Ramaphosa takes a ride in new Prasa train as he leaves Mabopane disaster behind him
President vows amid protest in Cape Town to make trains run on time and ensure they are safe
President Cyril Ramaphosa put his Mabopane train disaster behind him on Tuesday by taking the first ride on the first of locally built commuter trains that were commissioned in 2013 to modernise the passenger rail fleet.
The Passenger Rail Association of SA (Prasa) unveiled the sparkling blue new train at Cape Town station, where Ramaphosa cut the ribbon and took a ride to Mowbray station.
The journey was not entirely incident-free as protesters blockaded his exit from the station for nearly an hour.
Speaking at the launch, Ramaphosa made a big promise.
“I promise that we are going to make our trains run on time and most importantly make sure they are safe,” he said.
As part of an election campaign event in March, Ramaphosa took the train from Mabopane to Pretoria, a 30-minute trip that lasted three hours when the train broke down.
The new trains are part of Prasa’s modernisation programme, which includes the manufacture of 7,224 trains in the next 20 years at a cost of R123bn.
The supplier is the Gibela consortium, which is 61% owned by French multinational Alstom; 30% by BEE consortium Umbambano Rail, which includes Prasa employees; and 9% by new entrant New Africa Rail.
President Cyril Ramaphosa took a short trip on one of two brand new trains in Cape Town on April 9 2019. The new trains are set to be in operation by 2020 as part of a modernisation programme by Prasa to improve and secure infrastructure and safety aboard trains.
The first 20 trains were manufactured in Brazil and the rest are to be built at a new facility at Ekurhuleni.
The Gibela rolling stock fleet renewal is separate from Prasa’s disastrous attempt to buy new locomotives for long-distance trains. The contract for the locomotives, which were too tall to run on SA rail lines, has been set aside by a court.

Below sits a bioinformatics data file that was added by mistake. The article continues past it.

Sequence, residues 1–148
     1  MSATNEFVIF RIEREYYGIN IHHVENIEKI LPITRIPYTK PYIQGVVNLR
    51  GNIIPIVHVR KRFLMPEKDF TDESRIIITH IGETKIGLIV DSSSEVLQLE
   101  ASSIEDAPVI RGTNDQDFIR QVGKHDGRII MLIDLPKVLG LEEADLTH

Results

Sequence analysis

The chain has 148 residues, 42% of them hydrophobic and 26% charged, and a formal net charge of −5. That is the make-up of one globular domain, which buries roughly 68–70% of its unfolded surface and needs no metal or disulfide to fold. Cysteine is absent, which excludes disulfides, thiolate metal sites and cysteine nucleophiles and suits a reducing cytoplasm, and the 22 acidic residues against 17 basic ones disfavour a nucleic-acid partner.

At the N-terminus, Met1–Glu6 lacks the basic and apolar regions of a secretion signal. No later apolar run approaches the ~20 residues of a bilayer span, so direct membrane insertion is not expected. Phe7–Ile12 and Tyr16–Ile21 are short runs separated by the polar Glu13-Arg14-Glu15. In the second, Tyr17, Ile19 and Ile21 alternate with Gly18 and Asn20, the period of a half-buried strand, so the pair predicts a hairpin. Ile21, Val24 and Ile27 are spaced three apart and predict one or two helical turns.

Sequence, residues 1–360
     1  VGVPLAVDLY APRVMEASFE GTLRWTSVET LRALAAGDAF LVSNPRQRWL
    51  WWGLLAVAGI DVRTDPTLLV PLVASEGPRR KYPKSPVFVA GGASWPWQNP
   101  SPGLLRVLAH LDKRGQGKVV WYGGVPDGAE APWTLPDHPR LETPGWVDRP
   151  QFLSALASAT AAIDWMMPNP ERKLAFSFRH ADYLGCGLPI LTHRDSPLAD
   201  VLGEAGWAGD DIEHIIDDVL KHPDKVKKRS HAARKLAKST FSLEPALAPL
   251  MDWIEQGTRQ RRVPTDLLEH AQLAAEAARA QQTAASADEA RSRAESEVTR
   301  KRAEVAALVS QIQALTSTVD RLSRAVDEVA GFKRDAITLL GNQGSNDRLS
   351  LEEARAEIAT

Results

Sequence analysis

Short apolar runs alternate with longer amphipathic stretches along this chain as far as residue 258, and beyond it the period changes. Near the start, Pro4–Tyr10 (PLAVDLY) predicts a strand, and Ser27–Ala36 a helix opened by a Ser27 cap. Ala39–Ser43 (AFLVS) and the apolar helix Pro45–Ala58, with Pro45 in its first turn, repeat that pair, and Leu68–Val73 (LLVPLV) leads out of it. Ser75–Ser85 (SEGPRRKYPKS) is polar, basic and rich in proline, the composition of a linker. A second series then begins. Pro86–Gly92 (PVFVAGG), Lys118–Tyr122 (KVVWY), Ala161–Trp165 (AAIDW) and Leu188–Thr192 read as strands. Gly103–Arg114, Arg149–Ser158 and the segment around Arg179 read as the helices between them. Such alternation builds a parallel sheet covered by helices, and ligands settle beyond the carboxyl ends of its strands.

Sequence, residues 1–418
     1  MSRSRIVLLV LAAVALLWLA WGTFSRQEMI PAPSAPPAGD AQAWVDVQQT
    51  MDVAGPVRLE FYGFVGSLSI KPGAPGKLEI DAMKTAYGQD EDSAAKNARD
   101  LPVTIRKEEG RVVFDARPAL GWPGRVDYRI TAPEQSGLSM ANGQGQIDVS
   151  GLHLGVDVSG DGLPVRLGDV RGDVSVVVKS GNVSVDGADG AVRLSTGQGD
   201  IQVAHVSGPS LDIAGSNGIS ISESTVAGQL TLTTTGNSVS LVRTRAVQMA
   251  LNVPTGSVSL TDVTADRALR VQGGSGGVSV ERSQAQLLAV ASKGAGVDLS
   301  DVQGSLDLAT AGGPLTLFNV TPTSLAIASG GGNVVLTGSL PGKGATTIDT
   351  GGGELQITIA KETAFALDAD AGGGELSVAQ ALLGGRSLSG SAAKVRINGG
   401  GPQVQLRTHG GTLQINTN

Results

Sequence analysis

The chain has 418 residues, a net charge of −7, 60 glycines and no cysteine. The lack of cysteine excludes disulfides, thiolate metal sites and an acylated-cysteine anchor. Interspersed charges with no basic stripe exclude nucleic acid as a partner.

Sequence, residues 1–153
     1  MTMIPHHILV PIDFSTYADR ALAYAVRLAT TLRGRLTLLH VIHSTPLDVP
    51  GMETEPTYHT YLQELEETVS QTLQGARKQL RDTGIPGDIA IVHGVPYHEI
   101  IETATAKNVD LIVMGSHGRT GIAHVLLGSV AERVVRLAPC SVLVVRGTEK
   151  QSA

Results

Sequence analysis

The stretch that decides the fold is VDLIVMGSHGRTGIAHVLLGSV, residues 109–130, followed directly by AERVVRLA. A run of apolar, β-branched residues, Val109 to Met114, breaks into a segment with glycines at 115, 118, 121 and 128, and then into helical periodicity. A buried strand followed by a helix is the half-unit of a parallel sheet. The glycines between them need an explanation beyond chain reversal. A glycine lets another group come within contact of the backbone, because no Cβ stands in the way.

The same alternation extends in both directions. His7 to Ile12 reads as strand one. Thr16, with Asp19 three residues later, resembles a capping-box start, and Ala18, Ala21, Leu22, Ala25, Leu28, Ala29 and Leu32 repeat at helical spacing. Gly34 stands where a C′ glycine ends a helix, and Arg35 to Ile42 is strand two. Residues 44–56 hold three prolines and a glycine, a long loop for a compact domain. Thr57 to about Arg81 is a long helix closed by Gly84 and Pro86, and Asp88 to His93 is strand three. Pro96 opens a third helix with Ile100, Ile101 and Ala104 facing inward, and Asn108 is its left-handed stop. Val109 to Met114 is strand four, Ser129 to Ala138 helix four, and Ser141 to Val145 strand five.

Ramaphosa said he is glad that the first train was unveiled in Cape Town “where we have faced enormous challenges”
Rail services in Cape Town are in crisis, with theft, vandalism and poor maintenance causing perpetual breakdowns, lateness and summary cancellations.
Cape Town’s central line, which services Khayelitsha and other neighbouring townships, was shut down for more than a month in 2018 due to the theft of infrastructure.
The rail crisis has put enormous pressure on the roads network as commuters have been forced to switch to road transport.
Protesters who were part of the activist group #UniteBehind led by Zackie Achmat confronted Ramaphosa as he tried to leave the station, saying that their request to attend the event had been denied.
The organisation, formed in response to Cape Town’s transport crisis, had 10 questions for Ramaphosa that included why the government has not pursued those responsible for corruption at Prasa or taken essential steps to improve and secure rail services.
Western Cape premier Helen Zille said that a rail enforcement unit is making good progress. The joint venture between the city of Cape Town, the province and Prasa was established six months ago and is using drones to monitor rail infrastructure.
Zille said that the province also intends to introduce legislation in the next term that will allow the provinces to set standards for rail transport and establish a rail inspectorate.